Bolivia erupts against inequality and poverty

Bolivia erupts against inequality and poverty

By staff writers
9 Jun 2005

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Bolivia erupts against inequality and poverty

-09/06/05

A popular coalition built around indigenous Indians, power workers, peasants and civil movements - including trade unions and radical Catholics ñ has erupted against years of poverty and inequality in one of Latin Americaís poorest countries.

Bolivian capital La Paz today remains at a virtual standstill, as the country awaits the outcome of a congress meeting being held 200 miles away in Sucre, following the deposition of President Carlos Meza this week.

In the1980s Bolivia was seen as an exemplar of the Western-backed strategy of combining US-friendly democracy with free markets to tackle underdevelopment. But the International Monetary Fundís policy of making international support conditional on the privatisation of key utilities backfired badly.

Ordinary Bolivians, especially the indigenous majority (including Incan and Aymaran peoples) suffered worsening hardship under IMF-led policies as the gap between rich and poor grew still further.

Bolivia has a history of political instability. There have been 200 coups or revolutions since Simon Bolivar led the country to independence from colonial rulers Spain in 1825.

However established revolutionary groups have not enjoyed support among the sometimes deeply religious Indian population, who often combine Catholicism with traditional religion.

The protest coalition is mainly rallied behind Evo Morales, the senate deputy who leads a broad left-wing Movement Towards Socialism with a power base among coca-leaf farmers, miners and other trade unionists.

Observers note that the rallying cry of the movement echoes that of protestors against neo-liberalism across the world in the run up to Julyís Gleneagles G8 summit of the worldís richest nations.

Mr Morales is calling for immediate elections. He has denounced attempts by the US, landowners and an industry leader to impose globalisation on Bolivia - which he says means economic policies that marginalize and exclude most of its population.

The ruling elite appears to back the presidential claim of Hormando Vaca Diez, a lawyer and landowner. Outgoing President Mezaís warning about imminent social collapse is being used by those who oppose the protestors to argue against a poll.

Opposition leaders have meanhile vowed to continue to build political pressure.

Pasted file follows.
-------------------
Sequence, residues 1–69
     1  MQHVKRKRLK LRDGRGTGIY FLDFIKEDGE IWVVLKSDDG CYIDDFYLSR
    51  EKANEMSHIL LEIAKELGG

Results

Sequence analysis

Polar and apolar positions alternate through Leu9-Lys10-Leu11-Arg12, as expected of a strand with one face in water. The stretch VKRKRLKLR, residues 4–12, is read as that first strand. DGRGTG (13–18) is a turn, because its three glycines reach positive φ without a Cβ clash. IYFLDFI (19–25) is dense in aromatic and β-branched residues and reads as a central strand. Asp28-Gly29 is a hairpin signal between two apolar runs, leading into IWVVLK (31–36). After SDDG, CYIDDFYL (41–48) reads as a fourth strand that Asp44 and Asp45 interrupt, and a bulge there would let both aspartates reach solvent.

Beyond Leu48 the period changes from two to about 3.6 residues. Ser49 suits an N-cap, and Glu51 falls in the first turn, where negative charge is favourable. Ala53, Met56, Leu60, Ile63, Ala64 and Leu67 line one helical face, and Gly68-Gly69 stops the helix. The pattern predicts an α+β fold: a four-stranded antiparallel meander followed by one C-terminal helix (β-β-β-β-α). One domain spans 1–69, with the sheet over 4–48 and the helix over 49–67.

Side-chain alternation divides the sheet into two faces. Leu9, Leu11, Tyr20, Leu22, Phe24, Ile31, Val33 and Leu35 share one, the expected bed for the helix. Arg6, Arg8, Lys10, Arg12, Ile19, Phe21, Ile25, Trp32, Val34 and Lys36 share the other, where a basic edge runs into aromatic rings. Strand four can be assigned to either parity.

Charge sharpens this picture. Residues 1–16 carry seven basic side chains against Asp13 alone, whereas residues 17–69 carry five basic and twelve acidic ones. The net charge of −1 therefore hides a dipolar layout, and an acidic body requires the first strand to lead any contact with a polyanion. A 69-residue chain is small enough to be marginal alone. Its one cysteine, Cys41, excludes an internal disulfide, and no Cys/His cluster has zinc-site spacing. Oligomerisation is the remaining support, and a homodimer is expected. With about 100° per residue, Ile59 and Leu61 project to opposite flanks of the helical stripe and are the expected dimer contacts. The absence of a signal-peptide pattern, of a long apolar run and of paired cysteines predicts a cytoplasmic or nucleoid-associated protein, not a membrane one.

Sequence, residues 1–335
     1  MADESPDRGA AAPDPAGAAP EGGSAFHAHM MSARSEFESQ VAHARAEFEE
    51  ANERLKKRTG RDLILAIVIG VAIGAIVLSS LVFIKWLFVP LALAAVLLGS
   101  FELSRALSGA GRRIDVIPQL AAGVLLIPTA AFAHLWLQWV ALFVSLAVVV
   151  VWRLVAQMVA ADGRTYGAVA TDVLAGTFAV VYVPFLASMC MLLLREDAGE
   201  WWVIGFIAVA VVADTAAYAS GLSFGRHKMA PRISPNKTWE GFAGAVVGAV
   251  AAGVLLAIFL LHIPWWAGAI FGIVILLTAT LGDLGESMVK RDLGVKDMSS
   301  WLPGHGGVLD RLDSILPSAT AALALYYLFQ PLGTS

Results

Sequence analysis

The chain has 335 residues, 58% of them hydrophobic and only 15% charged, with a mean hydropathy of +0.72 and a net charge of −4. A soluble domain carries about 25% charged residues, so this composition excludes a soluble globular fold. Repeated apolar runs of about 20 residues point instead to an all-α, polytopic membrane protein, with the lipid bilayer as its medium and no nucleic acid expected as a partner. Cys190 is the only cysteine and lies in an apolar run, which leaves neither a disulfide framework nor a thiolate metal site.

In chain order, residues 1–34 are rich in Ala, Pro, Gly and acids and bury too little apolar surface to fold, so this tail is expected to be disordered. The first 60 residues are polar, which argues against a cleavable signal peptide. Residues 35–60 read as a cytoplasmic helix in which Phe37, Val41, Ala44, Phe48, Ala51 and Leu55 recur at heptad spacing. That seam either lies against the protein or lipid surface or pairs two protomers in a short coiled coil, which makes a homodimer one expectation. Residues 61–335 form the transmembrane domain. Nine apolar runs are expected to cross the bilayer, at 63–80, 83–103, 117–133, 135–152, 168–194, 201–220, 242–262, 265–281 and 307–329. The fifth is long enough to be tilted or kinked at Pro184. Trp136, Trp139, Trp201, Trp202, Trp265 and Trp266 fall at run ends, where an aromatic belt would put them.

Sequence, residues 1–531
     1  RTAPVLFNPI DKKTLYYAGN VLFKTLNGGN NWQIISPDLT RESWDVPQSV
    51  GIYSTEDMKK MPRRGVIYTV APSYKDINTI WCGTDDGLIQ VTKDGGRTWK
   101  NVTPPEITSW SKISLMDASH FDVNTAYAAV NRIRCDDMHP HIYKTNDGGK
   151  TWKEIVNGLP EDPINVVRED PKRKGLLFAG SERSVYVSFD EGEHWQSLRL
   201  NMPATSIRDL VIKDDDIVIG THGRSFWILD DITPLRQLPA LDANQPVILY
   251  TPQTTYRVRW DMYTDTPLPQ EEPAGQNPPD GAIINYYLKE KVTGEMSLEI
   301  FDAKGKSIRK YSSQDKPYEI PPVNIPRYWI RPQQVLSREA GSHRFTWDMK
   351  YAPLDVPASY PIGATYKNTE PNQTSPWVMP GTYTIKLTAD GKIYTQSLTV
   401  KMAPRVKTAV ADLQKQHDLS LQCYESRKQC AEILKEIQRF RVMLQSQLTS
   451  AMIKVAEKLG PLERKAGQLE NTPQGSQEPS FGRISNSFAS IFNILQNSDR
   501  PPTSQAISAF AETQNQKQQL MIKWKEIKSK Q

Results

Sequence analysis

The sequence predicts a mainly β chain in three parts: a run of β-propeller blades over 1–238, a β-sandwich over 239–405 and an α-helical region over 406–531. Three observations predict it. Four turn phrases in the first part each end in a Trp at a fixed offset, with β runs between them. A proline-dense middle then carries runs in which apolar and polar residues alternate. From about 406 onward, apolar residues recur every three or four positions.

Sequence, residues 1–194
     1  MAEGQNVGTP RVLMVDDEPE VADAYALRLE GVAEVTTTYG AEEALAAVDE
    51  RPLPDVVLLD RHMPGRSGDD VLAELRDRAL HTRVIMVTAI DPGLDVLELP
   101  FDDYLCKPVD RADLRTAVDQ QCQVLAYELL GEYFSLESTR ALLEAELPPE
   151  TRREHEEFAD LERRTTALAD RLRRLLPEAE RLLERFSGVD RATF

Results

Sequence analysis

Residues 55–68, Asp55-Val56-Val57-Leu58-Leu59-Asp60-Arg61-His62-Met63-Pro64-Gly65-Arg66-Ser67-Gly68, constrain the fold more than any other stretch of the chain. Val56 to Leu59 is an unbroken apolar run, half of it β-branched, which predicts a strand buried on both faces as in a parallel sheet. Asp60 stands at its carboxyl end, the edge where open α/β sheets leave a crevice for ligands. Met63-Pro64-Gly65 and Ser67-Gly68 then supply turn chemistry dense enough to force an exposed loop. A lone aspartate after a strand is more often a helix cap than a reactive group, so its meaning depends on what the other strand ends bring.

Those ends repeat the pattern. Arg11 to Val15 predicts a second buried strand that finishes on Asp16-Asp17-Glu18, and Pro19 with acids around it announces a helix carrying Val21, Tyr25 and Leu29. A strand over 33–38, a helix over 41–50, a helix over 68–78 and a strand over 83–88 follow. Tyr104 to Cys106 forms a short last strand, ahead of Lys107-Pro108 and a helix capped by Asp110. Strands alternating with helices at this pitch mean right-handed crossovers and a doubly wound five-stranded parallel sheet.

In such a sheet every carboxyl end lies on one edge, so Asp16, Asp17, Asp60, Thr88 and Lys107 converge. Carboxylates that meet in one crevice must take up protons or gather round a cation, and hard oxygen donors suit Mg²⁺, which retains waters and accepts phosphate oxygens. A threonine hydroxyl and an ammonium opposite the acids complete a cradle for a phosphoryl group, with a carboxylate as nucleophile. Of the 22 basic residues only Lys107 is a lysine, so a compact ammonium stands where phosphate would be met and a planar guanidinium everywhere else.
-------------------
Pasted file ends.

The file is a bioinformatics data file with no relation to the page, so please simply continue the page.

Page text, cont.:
As part of the revolt hundreds of peasants in eastern Santa Cruz province blockaded roads and entrances to halt production at three natural gas fields operated by Spain's Repsol and another operated by British Petroleum.

In 1999 an international conference on grassroots Catholic movements was held in Bolivia, though the Church there remains comparatively traditional. Protestant groups have made fewer inroads than in other parts of Latin America.

click hereA popular coalition built around indigenous Indians, power workers, peasants and civil movements - including trade unions and radical Catholics - has erupted against years of poverty and inequality in one of Latin America's poorest countries.

Bolivian capital La Paz today remains at a virtual standstill, as the country awaits the outcome of a congress meeting being held 200 miles away in Sucre, following the deposition of President Carlos Meza this week.

In the1980s Bolivia was seen as an exemplar of the Western-backed strategy of combining US-friendly democracy with free markets to tackle underdevelopment. But the International Monetary Fund's policy of making international support conditional on the privatisation of key utilities backfired badly.

Ordinary Bolivians, especially the indigenous majority (including Incan and Aymaran peoples) suffered worsening hardship under IMF-led policies as the gap between rich and poor grew still further.

Bolivia has a history of political instability. There have been 200 coups or revolutions since Simon Bolivar led the country to independence from colonial rulers Spain in 1825.

However established revolutionary groups have not enjoyed support among the sometimes deeply religious Indian population, who often combine Catholicism with traditional religion.

The protest coalition is mainly rallied behind Evo Morales, the senate deputy who leads a broad left-wing Movement Towards Socialism with a power base among coca-leaf farmers, miners and other trade unionists.

Observers note that the rallying cry of the movement echoes that of protestors against neo-liberalism across the world in the run up to July's Gleneagles G8 summit of the world's richest nations.

Mr Morales is calling for immediate elections. He has denounced attempts by the US, landowners and an industry leader to impose globalisation on Bolivia - which he says means economic policies that marginalize and exclude most of its population.

The ruling elite appears to back the presidential claim of Hormando Vaca Diez, a lawyer and landowner. Outgoing President Meza's warning about imminent social collapse is being used by those who oppose the protestors to argue against a poll.

Opposition leaders have meanhile vowed to continue to build political pressure.

As part of the revolt hundreds of peasants in eastern Santa Cruz province blockaded roads and entrances to halt production at three natural gas fields operated by Spain's Repsol and another operated by British Petroleum.

In 1999 an international conference on grassroots Catholic movements was held in Bolivia, though the Church there remains comparatively traditional. Protestant groups have made fewer inroads than in other parts of Latin America.

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